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Singaporean Salaries: Why Local Women Should be ‘Garang’ And Ask For That Raise

Singaporean women should be considering if their overall salaries make sense against their career level and lifestyle, but many don’t. Here’s a closer look at the topic.

Let’s start with the big picture first- when it comes to income inequality between the sexes in Singapore, things are improving.

According to a study by the Ministry of Manpower, in 2018, our adjusted gender pay gap clocked in at 6%, marking a narrowing over time, compared to 8.8% in 2022.

However, the Ministry’s report also noted that “women’s propensity to play the primary role in caregiving and take time off work for parenting leads to lags in work experience, career progression and hence earnings.”

But equal work should have equal pay. However, women do tend to ask less frequently for pay raises to match changing job roles or responsibilities.

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Some facts and stats

A survey by Workforce Singapore’s (WSG) Telegram channel, WSG Jobs & Career Advice, found that 63% of Singaporean men are comfortable asking for a pay raise, and 73% of male jobseekers are willing to negotiate for the salary that they want.

However, in comparison, only 46% of female employees are comfortable asking for a pay increase, and 49% female jobseekers are uncomfortable to push for the salary they expect!

In addition, according to US human resources management software and services company ADP, 46% of women in Singapore said they received a pay raise or bonus for taking on new roles and extra responsibilities during the Covid-19 pandemic, compared to 51% of men.

Another recent report by international professional services firm PricewaterhouseCoopers (PwC), also revealed that female employees surveyed across 44 countries are less likely to say that:

  • They are fairly rewarded financially (women surveyed who said this: 38%; vs men: 45%)
  • They planned to ask for a raise (women: 31%; men: 38%) or promotion (women: 26%; men: 34%)
  • They feel their manager listens to them (women: 39%; men:47%)

Don’t shy, just ask!

Researchers have found that men are four times more likely than women to ask for a raise- and when they do ask, they typically request 30% less than what men would!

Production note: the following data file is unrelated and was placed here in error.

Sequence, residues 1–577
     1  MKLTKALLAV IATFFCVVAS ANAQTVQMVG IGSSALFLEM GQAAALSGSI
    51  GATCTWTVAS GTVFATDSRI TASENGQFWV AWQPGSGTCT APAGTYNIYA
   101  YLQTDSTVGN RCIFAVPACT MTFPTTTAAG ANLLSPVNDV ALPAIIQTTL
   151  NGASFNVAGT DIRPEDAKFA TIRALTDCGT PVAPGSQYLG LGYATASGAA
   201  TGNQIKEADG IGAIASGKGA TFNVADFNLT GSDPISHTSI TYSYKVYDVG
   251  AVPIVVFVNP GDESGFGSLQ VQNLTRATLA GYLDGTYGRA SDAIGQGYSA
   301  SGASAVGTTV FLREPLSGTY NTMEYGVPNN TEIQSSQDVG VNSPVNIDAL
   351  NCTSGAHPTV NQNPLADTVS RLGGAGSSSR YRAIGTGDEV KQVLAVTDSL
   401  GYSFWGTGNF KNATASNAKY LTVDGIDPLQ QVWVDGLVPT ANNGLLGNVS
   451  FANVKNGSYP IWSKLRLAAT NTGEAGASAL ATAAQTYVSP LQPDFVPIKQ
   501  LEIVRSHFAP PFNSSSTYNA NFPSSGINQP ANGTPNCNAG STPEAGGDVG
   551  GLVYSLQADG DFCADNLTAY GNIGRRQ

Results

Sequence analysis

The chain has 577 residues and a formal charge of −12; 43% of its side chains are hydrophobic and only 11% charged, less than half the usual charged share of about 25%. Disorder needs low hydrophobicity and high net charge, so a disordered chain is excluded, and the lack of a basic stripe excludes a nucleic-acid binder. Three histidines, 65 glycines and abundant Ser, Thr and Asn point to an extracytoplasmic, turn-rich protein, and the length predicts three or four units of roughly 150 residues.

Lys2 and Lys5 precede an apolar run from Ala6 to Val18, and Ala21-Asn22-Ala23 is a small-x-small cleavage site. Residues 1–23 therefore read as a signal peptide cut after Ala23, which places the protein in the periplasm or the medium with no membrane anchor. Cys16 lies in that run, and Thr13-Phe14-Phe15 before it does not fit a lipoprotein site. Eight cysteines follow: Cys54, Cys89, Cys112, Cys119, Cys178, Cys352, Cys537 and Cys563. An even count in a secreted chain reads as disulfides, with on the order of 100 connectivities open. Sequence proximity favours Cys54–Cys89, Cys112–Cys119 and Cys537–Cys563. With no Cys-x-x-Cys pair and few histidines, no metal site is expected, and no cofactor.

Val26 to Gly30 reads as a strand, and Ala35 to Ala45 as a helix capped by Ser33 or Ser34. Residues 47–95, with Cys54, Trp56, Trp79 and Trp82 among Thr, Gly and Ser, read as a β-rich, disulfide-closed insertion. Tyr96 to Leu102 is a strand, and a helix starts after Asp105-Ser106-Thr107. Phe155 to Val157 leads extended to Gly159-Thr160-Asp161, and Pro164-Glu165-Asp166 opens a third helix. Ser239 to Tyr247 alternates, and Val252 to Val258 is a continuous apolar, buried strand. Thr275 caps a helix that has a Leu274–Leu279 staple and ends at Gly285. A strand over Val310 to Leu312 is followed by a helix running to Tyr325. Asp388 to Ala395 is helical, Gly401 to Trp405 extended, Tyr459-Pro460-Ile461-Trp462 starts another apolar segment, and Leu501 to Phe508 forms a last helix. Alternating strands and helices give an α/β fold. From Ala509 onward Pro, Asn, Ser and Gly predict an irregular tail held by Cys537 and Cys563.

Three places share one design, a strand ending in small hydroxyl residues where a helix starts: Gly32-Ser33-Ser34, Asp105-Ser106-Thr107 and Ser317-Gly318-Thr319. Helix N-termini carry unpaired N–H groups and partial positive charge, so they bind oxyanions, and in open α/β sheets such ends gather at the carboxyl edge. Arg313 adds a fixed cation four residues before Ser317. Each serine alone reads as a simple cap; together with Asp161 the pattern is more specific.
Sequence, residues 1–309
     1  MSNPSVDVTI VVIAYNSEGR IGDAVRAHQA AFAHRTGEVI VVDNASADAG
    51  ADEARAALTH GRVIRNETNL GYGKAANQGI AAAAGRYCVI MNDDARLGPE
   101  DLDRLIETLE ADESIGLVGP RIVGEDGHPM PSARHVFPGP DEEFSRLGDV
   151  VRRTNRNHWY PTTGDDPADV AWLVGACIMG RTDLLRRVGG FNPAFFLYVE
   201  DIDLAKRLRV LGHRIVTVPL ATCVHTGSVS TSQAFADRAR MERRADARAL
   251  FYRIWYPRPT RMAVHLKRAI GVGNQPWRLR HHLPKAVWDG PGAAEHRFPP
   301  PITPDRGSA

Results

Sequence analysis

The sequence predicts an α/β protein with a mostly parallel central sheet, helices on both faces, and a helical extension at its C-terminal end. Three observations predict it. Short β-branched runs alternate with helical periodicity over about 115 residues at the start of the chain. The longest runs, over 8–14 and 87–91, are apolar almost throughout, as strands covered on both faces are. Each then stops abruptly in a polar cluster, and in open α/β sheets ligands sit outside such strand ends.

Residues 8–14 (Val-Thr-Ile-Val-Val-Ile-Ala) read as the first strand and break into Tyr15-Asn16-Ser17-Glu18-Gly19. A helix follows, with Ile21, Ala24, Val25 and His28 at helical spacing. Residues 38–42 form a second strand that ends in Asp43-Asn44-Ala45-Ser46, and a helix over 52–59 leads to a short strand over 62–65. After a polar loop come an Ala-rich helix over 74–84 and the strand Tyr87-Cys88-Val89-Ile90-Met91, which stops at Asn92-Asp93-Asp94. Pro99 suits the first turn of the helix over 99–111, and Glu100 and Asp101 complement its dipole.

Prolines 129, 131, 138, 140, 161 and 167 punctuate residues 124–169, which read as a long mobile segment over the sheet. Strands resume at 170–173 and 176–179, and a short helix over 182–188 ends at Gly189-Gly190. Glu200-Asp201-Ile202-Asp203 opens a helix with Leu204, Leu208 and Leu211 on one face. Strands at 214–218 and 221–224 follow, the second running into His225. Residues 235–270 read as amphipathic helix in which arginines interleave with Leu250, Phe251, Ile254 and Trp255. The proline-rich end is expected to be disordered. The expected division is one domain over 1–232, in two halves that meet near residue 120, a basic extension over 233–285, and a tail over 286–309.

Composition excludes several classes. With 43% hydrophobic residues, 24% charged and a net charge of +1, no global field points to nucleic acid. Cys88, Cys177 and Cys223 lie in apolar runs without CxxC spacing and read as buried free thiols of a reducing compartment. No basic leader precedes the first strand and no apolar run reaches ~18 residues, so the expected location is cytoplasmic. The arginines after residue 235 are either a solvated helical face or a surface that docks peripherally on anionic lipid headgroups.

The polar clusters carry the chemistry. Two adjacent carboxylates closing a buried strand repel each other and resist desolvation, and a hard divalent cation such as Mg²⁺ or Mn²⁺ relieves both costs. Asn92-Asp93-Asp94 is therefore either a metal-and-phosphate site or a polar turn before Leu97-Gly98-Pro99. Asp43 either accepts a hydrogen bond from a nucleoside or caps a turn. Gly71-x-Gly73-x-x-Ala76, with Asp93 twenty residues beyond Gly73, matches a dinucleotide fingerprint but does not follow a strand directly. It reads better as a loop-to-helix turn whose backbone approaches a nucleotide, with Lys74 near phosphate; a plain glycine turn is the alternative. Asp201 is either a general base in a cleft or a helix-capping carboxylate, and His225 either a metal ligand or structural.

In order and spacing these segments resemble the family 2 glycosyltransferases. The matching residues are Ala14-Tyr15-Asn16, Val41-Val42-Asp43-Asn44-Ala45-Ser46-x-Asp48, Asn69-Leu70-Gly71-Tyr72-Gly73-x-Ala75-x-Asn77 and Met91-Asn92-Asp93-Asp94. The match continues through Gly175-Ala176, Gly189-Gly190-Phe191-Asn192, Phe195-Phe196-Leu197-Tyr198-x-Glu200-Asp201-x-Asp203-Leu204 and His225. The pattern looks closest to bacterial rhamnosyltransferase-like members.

According to Carnegie Mellon University economics professor Linda Babcock, co-author of Women Don’t Ask, she also found that just 12.5% of women negotiated for their starting salary, compared to 52% of men.

In her study of 78 master’s degree graduates, she estimated this could lead to as much as $1.5M in lost income over a woman’s career!

Of course, asking isn’t the only factor- ultimately pushing through to get the raise is another. However, Australian studies of 4,600 employees found that while women were as likely as men to ask for raises, they were 25% less likely to receive them.

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Professor Babcock believes that one key reason women earn less, is that employers expect women to work for less, and even if a woman does negotiate for higher pay, she often gets resistance, given that studies show culturally there is a negative reaction to assertive women.

The art of negotiation

Of course, one would have read the many usual cookie-cutter advice when it comes to asking for more money — research to know what your job is worth, show your skills and your value to the company. But an alternative approach for women looking to level the salary gap is to negotiate differently from their male counterparts.

One suggestion by negotiation experts is to create a relationship with the person negotiating for the employer, by being friendly and showing concern for them, rather than just seeing the pay raise request as another negotiation to get through.

This would make you more likeable and influential in negotiations while framing your request for pay raises as more legitimate and increasing the odds of success.

In addition, keeping body language expansive during the discussions helps; be more expressive, keep your palms or wrists turned up, hold or stretch your arms out across the table, and don’t cross your arms or legs.